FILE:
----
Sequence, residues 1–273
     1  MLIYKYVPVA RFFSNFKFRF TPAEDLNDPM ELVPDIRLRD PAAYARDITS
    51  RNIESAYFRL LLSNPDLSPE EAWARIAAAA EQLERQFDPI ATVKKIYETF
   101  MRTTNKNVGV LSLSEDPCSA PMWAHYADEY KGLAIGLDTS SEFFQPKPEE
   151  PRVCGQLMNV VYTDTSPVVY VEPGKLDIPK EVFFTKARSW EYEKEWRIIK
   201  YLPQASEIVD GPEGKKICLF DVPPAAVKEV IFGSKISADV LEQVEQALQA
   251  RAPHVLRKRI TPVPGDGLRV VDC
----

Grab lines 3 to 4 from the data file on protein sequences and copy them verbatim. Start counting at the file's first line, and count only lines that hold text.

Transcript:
    51  RNIESAYFRL LLSNPDLSPE EAWARIAAAA EQLERQFDPI ATVKKIYETF
   101  MRTTNKNVGV LSLSEDPCSA PMWAHYADEY KGLAIGLDTS SEFFQPKPEE